By Jessica Maciejewski
2018, here we come! I had the privilege of attending the DLeNM (Dual Language Education New Mexico) sponsored conference entitled, "La Cosecha," or "The Harvest," from November 9-12, 2016, in Santa Fe.
A few key points. Santa Fe was colder than Chicago. At 7000 feet, it was an adorable and quiet town in its off-season, but still replete with tons of great local shops and delicious food. Everything was adobe, and there is are strong, proud Navajo and Mexican populations. We showed up to the conference with more empty space than actual questions at this point, ready to learn, and discovered a whole world currently in formation. Finally, and possibly of the most importance: I WON THE CONFERENCE. There was a weird game in the app, and I won (until I hit a minor glitch that no one could figure out and tied but whatever here is a picture of me in all my glory):
When I returned, I asked a few colleagues what they would most want to know~ here are their questions and, to the best of my ability (!), some answers:
1. How long is a DL program? What are its goal / benefits?
>So, it seems like the most successful DL programs start in kindergarten or, at the latest, 1st grade, and last through 12th grade.
For Elk Grove HS, we are fortunate that Salt Creek Elementary and then Grove Middle School started a program! The first cohort of kids are currently in 7th grade, so we have this year and next year to prepare our program.
In Woodstock d200 (IL), which is a unified school district, they recently graduated their first full 1st-12th DL students. For them, the superintendent was able to make the choice to start it in their pre-K/K/1st grades and have it continue all the way up; non-unified school districts will have to vertically articulate across districts/principals/superintendents to make it happen.
>The goal is to achieve academic reading/written/listening/spoken fluency in two languages, or more tangibly, a seal of biliteracy on their diplomas. Illinois adopted an "Illinois Seal of Biliteracy" in 2013 which means that when students complete the high school requirements (see footnote), they graduate with a second certificate/seal. Each school can then add special cords or a medal or whatever. One cool thing Woodstock did was have kids design a logo for their DL program, then use it to make medals for kids as they completed the program in 8th grade. There's not really an official seal for middle school, but the school itself can host a special awards night, make certificates, etc.
>Benefits include future college resume & job attractiveness, and as of January 1, 2017, each public university in Illinois is required "to accept the State Seal of Biliteracy as equivalent to 2 years of foreign language coursework taken during high school if a student's high school transcript indicates that he or she will be receiving or has received the State Seal of Biliteracy" (thanks, IL House Senate Bill 4330!).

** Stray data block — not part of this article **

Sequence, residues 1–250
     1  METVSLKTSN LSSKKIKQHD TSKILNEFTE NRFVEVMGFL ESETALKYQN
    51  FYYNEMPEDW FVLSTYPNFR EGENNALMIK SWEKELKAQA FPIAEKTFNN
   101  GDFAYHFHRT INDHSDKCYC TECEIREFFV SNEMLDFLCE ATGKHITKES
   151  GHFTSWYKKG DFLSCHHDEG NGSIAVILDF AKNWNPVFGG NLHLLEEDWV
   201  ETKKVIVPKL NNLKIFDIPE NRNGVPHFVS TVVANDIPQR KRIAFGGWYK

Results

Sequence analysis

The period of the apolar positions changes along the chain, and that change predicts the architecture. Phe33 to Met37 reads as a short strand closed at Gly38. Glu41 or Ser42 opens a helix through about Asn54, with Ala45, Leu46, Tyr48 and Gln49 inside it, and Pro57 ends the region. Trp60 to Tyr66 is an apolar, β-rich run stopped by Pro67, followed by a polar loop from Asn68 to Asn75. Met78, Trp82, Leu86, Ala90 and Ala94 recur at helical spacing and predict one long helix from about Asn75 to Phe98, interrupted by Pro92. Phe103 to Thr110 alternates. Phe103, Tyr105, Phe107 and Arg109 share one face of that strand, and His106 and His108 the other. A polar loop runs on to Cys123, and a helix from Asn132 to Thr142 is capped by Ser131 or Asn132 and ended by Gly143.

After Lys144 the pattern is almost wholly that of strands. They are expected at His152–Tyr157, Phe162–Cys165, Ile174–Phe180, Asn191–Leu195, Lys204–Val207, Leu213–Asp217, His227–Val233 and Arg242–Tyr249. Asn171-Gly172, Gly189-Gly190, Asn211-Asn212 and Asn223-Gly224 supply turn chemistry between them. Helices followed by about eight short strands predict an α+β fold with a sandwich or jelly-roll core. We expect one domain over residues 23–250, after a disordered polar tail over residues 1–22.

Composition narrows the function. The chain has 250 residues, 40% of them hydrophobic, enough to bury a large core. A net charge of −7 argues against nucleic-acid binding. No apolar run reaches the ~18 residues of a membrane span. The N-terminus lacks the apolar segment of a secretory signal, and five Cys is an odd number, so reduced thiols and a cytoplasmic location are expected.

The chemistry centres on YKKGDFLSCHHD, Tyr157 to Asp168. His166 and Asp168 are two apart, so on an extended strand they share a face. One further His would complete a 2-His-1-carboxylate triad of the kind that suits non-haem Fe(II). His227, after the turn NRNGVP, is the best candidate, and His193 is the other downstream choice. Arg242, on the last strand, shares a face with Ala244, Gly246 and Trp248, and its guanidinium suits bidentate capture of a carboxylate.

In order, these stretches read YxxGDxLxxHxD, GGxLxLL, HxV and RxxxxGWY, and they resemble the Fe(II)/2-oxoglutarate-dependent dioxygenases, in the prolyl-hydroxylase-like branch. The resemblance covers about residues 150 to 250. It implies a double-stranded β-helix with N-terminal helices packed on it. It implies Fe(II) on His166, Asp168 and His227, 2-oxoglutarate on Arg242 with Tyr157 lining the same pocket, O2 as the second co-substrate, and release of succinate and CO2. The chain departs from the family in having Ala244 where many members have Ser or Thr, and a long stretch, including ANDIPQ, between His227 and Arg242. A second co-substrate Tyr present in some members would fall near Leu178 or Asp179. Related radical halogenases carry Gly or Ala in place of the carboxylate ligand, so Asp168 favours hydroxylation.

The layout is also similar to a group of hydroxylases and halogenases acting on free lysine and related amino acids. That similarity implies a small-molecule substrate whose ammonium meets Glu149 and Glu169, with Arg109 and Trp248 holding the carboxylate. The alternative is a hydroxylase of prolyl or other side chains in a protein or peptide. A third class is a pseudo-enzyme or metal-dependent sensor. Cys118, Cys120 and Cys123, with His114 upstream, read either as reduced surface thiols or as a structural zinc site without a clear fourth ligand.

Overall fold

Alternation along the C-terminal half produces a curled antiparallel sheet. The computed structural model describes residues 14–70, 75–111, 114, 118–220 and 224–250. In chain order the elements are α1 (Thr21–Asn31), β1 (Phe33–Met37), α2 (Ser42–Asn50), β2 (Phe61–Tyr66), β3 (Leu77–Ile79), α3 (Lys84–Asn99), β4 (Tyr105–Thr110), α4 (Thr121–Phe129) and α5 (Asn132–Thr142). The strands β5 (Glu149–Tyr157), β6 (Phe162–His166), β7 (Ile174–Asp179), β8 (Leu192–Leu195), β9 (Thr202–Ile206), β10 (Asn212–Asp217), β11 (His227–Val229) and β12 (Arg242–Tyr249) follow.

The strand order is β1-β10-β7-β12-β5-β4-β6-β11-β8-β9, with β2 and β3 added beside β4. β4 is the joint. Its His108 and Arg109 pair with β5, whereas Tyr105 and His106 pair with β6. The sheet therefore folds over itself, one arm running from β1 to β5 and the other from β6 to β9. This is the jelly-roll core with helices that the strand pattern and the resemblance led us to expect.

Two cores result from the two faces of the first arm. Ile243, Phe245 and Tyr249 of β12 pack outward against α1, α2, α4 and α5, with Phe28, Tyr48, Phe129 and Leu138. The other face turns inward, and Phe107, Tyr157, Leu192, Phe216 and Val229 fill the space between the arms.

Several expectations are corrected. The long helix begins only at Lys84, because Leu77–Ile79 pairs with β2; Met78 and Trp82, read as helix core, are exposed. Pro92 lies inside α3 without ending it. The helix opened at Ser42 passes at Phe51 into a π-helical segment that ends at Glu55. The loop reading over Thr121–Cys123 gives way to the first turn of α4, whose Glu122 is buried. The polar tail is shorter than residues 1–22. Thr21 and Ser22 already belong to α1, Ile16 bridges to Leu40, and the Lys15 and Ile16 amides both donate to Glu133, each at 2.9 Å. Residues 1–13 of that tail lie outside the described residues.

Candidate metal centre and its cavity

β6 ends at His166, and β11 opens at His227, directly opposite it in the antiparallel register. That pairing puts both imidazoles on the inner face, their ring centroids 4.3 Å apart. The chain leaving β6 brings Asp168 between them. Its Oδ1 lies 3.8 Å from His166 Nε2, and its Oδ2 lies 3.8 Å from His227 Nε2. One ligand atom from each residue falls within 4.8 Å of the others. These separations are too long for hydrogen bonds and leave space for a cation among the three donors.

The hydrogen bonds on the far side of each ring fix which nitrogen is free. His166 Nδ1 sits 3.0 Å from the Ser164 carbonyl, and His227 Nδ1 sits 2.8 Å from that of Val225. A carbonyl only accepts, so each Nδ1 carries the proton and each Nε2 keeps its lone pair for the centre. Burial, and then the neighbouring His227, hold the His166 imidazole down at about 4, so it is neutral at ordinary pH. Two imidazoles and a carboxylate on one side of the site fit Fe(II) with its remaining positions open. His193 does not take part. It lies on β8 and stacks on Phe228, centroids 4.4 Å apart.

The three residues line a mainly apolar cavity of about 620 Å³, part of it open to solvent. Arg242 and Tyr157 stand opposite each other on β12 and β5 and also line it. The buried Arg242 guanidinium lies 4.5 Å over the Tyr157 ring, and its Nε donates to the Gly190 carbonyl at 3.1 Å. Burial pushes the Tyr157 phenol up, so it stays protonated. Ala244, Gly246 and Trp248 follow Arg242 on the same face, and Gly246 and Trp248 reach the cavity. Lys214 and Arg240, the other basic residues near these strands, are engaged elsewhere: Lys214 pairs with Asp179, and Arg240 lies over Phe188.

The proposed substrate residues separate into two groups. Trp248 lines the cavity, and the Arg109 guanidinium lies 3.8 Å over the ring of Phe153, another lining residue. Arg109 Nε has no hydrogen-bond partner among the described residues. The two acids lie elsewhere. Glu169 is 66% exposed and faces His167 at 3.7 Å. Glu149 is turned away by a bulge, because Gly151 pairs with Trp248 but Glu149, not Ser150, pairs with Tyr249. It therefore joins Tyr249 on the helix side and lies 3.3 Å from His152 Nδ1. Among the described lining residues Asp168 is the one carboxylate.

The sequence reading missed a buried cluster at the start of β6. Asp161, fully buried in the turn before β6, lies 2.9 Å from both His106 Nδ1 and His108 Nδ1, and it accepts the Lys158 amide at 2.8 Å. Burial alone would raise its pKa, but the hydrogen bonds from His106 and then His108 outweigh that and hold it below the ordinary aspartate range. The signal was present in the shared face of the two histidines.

2. How does a student qualify to be in a DL program?
This is kind of what we're figuring out. Obviously if kids come into EGHS having completed the program through 8th grade, they are in. But what about English/Spanish fluent transfers? Or what about a kid who isn't fluent in English yet and who might benefit from weaning off Spanish into English? So, no definitive answer yet on who, or on how. There isn't one test that we can think of using; instead, maybe we'll do interviews and/or observations at Salt Creek/Grove.
3. What models of DL schools are near us?
Interestingly, we went to New Mexico because they have SO many awesome programs and are kind of at the forefront of development... but there were also presenters there from Waukegan (trying to recruit New Mexicans to move to the ol' Plain State) and a fantastic presentation by not-too-far-away District 200 - Woodstock.
Woodstock is a unified school district, which means they can decide, "Hey, all of us are going to do a DL program, and it's going to be awesome!" In D214, we can offer/try to vertically articulate with our feeder elementary and middle schools, but we don't have the same superintendent so there's a lot more negotiating involved.
Finally, Salt Creek Elementary and Grove Middle School are the awesome schools that already started the program, to whom we'll be looking for collaboration and guidance. Their district, d59, is consolidated with 11 elementary and 3 middle schools.
4. How can a non-bilingual teacher help/support a DL program?
Right now in the creation process, we can just really use support and positive word-of-mouth. :)
This includes valuing students who have experience of other languages~ thinking of "ESL" students NOT as "remedial," but as having a kind of hidden superpower. One of the fancy new terms is "emerging bilingual," which is pretty cool because they aren't necessarily remedial at all... maybe in their native language, these students would be in Honors or AP, and now they are learning academic vocabulary in English, too.
Finally, just being excited and positive about the program, talking it up to students and parents, and assuaging any fears by pointing people with concerns/questions to our current crew, which includes: Ricky Castro, Dean Burrier-Sanchis, and me, Jessica Maciejewski, as well as our administrative staff.
Check out how many states (this is as of 2016) have or are in the process of having a seal: